Despite more than two billion people living with disabilities globally, a recent study led by Amadeus has revealed the lacking investment by both the travel industry and public sector to cater to those with disabilities.
The study aimed to outline how greater personalisation, universal standards in the provision of services, more effective communication and increased collaboration between public and private sectors can drive a more accessible travel industry of the future.
According to the report “Voyage of discovery: Working towards inclusive and accessible travel for all”, one of the biggest barriers to accessible travel remains inaccurate or incomplete information being available, coupled with a lack of skilled customer service.
The report also shows that travellers with accessibility needs increasingly now expect these to be met as part of the mainstream service and at no extra cost.
The role of technology in accessible travel is becoming more important, with specific developments such as voice recognition starting to be seen as commonplace.
The key takeaways from the study were:
- The overall travel experience and how this is adapted to different needs is rated at just 6.2 out of 10
- Travelling by plane is the preferred transportation method (35.9 percent of respondents)
- The least satisfactory areas with regards to accessibility are those related to railway stations (4.9 out of 10) and the most satisfactory area is accommodation (6.2 out of 10)
It highlights that transitioning to an accessible travel-friendly environment for all will require the improvement of many aspects.
These include more effective communication that facilitates access to relevant information on accessibility, and a more responsive service with properly trained staff who know how to address people with different access needs.
Amadeus Vice President Corporate Strategy Alex Luzárraga said, “Improving accessibility in travel means enhancing usability for all customers.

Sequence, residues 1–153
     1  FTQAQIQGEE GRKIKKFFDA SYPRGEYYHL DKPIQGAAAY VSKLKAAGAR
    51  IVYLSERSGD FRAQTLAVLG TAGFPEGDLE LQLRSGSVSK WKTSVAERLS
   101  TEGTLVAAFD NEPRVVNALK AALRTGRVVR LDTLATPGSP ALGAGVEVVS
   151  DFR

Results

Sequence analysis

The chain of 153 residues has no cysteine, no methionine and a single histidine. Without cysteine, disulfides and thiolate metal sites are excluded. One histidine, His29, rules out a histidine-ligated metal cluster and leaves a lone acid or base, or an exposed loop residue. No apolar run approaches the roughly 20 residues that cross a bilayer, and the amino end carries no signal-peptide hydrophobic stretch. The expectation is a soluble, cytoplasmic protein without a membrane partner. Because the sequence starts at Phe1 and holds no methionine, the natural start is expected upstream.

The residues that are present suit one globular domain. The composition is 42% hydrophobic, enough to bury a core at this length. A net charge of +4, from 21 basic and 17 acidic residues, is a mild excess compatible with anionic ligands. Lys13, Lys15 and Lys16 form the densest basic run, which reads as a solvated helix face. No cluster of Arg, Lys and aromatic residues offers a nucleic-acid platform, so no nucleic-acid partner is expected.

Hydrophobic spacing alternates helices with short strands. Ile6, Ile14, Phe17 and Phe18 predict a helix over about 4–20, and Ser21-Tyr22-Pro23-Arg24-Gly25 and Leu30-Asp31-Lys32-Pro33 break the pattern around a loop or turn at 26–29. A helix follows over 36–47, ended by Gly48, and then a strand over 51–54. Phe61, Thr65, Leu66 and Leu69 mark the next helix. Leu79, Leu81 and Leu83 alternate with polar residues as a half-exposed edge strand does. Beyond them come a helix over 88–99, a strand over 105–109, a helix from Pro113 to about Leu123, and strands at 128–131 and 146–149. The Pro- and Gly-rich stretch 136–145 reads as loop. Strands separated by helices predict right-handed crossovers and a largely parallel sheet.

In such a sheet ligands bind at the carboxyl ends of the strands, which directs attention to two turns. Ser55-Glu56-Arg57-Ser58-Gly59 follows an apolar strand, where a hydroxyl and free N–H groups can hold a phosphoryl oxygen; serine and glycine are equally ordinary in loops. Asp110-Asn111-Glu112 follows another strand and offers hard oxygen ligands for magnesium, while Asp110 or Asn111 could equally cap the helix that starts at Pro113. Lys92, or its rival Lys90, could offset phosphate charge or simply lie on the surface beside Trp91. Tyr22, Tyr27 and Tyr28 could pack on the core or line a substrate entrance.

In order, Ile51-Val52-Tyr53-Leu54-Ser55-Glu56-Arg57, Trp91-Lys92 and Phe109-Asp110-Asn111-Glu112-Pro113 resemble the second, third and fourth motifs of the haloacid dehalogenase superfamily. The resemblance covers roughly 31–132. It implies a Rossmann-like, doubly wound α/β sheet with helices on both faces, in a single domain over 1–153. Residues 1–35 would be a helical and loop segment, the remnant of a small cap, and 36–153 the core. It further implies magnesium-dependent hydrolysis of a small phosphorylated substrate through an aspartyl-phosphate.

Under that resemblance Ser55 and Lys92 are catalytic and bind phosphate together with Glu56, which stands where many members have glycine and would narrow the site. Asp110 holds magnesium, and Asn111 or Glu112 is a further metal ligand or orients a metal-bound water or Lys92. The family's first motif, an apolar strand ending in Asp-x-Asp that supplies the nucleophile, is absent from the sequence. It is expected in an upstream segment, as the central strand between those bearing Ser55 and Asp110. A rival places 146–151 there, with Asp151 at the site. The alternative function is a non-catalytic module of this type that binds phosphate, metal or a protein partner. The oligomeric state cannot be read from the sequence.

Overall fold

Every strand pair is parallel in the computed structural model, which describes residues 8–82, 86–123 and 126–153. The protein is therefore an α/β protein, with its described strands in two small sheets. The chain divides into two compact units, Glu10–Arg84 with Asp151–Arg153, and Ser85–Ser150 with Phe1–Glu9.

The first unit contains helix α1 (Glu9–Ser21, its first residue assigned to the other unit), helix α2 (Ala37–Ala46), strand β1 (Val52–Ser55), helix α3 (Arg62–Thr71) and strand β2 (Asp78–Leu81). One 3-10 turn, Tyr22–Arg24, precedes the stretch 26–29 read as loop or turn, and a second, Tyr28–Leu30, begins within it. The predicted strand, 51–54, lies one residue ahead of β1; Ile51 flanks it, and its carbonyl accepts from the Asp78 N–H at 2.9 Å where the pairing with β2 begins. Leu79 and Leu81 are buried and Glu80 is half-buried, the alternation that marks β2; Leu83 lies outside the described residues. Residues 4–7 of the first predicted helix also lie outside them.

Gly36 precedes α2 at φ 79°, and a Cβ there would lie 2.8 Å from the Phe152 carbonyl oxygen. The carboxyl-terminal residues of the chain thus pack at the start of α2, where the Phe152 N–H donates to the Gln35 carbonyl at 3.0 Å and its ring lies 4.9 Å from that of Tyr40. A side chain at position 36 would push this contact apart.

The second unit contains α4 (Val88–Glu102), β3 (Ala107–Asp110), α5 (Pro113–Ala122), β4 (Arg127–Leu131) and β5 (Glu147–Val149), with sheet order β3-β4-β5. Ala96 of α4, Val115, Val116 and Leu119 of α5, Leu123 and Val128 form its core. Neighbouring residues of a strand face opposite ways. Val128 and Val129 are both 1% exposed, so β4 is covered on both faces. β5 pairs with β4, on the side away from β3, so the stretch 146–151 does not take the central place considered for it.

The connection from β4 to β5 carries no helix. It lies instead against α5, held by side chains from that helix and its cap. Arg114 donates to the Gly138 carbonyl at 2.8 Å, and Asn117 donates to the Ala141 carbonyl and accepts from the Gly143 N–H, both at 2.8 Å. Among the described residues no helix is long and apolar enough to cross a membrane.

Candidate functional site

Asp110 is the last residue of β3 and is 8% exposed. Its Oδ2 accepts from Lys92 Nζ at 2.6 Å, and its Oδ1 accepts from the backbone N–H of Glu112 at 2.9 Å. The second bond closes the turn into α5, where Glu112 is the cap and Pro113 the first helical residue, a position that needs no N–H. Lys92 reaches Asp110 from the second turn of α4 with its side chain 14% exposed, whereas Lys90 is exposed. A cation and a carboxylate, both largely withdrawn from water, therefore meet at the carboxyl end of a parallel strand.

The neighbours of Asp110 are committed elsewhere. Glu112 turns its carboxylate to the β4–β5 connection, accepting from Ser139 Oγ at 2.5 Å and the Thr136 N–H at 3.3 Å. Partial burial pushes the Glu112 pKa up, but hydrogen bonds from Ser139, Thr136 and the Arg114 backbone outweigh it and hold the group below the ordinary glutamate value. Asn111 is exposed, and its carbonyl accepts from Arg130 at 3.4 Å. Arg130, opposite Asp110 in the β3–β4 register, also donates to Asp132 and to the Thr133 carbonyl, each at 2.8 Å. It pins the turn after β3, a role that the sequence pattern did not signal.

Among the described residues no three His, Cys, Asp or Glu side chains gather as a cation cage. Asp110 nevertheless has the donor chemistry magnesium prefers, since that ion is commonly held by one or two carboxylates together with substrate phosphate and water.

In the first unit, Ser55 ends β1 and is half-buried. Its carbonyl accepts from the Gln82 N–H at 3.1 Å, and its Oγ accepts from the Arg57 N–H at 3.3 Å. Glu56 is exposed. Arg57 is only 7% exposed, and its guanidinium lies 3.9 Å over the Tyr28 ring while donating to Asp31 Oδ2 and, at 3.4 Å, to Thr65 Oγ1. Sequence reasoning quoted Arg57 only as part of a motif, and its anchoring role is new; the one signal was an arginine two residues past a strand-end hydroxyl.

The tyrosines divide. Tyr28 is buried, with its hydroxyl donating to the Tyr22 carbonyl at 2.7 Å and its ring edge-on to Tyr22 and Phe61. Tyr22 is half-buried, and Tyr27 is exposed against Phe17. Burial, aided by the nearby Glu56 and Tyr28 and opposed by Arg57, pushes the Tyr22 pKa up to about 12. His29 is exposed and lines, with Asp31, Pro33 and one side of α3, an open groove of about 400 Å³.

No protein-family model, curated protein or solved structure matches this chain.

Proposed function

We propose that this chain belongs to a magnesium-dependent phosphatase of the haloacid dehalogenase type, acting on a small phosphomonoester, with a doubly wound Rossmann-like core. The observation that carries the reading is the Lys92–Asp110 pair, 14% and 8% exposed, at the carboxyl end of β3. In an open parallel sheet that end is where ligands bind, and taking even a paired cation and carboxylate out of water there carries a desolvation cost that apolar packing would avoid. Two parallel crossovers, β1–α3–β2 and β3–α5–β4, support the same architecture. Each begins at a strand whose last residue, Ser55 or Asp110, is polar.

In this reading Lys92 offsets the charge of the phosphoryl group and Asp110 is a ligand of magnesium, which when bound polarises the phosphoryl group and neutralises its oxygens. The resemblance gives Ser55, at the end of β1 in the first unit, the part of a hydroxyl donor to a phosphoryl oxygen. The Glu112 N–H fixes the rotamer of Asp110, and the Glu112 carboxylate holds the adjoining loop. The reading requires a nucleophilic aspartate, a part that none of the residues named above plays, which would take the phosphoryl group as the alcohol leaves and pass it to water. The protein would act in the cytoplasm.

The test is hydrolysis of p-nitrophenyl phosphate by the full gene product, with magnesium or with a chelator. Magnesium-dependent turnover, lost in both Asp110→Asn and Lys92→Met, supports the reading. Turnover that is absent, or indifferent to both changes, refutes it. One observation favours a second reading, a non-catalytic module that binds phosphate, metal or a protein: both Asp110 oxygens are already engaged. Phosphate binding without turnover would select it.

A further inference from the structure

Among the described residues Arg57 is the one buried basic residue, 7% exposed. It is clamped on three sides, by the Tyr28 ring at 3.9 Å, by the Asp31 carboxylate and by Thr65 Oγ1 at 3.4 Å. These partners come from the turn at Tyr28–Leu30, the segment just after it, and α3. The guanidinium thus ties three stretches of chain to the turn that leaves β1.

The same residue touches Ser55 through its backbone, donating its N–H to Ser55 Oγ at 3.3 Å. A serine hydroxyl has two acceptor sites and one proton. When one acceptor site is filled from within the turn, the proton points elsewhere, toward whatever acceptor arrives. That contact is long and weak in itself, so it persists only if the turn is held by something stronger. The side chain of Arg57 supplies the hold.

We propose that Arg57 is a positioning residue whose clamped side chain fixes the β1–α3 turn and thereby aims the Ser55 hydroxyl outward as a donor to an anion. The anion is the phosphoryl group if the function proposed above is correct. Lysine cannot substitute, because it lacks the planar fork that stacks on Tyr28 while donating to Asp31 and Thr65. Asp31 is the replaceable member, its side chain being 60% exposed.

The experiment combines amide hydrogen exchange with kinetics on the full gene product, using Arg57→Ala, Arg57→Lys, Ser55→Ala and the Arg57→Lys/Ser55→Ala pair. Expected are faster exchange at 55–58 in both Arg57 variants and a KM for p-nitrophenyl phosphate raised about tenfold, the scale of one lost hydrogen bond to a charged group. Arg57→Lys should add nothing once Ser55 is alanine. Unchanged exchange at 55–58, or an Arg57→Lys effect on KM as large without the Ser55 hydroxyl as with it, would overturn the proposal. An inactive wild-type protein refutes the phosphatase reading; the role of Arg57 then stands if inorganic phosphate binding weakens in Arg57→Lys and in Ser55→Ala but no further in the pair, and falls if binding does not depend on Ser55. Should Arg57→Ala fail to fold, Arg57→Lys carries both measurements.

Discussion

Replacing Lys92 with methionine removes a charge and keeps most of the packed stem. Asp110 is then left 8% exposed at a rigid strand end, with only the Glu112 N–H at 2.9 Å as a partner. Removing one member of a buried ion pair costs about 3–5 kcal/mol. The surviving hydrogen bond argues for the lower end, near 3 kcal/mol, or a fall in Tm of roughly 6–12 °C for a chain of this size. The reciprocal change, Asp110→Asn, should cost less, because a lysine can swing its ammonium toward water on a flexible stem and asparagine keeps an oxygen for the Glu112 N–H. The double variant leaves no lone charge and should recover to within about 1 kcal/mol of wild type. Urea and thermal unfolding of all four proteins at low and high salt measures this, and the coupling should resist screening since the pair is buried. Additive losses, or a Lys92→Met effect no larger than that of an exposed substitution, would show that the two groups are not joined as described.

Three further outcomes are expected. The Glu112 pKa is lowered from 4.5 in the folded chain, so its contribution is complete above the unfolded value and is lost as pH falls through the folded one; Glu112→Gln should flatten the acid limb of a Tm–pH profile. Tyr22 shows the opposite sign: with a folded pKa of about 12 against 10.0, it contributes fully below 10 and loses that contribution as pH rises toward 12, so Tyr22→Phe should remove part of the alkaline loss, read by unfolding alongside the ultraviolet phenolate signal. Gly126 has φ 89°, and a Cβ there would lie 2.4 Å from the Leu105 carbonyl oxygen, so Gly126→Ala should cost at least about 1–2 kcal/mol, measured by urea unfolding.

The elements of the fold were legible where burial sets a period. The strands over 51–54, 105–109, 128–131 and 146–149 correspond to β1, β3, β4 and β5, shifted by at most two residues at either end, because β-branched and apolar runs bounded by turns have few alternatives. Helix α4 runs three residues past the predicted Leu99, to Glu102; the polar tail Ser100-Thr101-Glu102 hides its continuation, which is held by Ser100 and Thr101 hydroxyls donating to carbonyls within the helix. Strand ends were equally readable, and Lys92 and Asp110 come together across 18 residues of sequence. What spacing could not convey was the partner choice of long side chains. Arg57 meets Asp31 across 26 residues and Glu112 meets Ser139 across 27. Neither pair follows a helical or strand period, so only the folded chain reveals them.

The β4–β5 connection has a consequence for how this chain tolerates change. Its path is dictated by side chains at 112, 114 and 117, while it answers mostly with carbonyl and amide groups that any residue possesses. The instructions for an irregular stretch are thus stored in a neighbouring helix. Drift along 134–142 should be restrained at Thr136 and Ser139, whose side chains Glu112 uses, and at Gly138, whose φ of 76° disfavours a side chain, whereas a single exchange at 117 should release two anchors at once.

“Lifting barriers to travel, personalising the travel offer, using technology to further facilitate travellers’ experiences and creating more accessible infrastructure where people can navigate autonomously will benefit everybody.”
Overall, the research recommends further collaboration between the private and public sectors to meet the expectations of travellers with accessibility needs.
The study was developed in the US, the EU and India, and included some 800 interviews with travellers with accessibility needs as well as industry experts, private-public sector representatives and international institutions.
Amadeus Senior Vice President of General Counsel & Corporate Secretary Tomas López Fernebrand said, “We are committed to sustainability in the travel industry.”
“Indeed, we are proud to have been recognised by the DJSI as world leaders of our sector. For a sustainable travel industry, accessibility is a key element, and a powerful tool to broaden people’s access to travel.”
“Technology has a key role to play as an enabler in this. It is also necessary to work together with consumers and the private and public sectors to consolidate industry standards that ensure accessible travel for all becomes a reality,” he added.